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Mass. Starts Early College STEM Program

paper plane (image from NASA)

Can project-based science, technology, engineering, and math (STEM) programs lift student achievement and engagement? Massachusetts is betting on it.

This fall, a suburban Boston district became the first of six school systems to launch an engineering-focused STEM early-college initiative. According to the Boston Globe (11/13), teachers in Whitcomb Middle School’s sixth grade and Marlborough High’s ninth grade are integrating problem-solving for real world applications across all subjects, using the engineering design process.  Students typically work in groups and are encouraged to think creatively. A ninth-grade STEM class, for instance, might involve students using computer software to design a 3-D object as part of a project on transportation. The program also might include classroom visits from a professional working at Intel Massachusetts or Raytheon, or an internship experience with an industry partner.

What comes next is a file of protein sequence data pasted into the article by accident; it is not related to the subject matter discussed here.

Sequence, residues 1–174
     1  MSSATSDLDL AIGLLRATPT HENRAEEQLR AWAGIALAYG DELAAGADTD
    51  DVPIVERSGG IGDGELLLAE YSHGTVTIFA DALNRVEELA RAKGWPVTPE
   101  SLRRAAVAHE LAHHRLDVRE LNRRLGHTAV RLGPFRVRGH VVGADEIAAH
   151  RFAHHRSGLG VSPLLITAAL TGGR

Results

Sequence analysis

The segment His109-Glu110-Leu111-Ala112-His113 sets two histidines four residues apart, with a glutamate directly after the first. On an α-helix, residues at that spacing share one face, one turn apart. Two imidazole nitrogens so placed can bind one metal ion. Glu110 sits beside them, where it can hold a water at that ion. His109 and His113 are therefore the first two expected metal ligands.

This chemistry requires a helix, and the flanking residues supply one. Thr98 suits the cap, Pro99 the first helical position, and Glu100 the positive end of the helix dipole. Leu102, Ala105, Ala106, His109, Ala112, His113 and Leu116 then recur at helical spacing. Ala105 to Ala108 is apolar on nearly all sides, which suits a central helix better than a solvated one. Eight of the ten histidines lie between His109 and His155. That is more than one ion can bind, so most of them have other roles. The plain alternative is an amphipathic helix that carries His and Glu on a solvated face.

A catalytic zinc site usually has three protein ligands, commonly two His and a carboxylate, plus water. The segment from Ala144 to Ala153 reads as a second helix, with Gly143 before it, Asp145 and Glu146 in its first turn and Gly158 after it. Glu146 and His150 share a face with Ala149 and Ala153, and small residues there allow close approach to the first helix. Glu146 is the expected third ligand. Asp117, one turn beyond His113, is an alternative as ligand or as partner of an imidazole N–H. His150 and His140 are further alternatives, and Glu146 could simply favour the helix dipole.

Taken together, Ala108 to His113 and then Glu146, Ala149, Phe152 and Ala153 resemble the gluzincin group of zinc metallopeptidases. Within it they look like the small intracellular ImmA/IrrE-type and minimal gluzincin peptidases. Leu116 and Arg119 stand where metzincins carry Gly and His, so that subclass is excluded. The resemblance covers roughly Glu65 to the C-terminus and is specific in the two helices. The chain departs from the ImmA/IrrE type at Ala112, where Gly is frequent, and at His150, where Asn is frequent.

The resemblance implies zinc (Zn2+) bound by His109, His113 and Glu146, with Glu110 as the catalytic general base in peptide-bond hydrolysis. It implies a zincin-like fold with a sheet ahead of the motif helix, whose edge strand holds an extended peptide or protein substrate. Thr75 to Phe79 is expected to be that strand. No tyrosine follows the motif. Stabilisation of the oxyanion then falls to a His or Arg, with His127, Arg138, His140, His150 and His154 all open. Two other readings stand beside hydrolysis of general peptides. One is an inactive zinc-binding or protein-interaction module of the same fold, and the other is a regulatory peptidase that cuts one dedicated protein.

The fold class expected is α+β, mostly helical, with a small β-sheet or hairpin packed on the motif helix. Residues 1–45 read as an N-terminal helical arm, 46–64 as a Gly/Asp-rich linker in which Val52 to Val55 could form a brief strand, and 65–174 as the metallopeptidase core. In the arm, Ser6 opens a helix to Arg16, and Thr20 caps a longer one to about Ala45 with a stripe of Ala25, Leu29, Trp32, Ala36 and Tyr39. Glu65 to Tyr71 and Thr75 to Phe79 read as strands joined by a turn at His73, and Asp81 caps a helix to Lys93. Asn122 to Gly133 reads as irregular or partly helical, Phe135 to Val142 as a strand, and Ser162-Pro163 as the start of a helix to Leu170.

The program, in which juniors and seniors will earn college credit, also embeds STEM into other subjects. Marlborough freshman Danya Gaudet, for example, says her history class started with the Scientific Revolution. In English, she and her classmates are learning how to write different essays so they can produce reports on transportation. In science, they’re learning about motion, and in math about graphing. “I’m starting to understand how things are linked,” she told the Globe.

Marlborough is the first of six school districts in the state to implement the STEM early-college program. Plans call for class levels to be added each year until grades 6 through 12 are included. Juniors and seniors will be able to take up to 16 college credits at Framingham State University, a longtime partner of the Marlborough district.

Another district partner is a national nonprofit organization, Jobs for the Future, which developed the early-college model for underserved youth. Marlborough is one of about 250 schools in the country using the model; roughly 80 of these are STEM schools.

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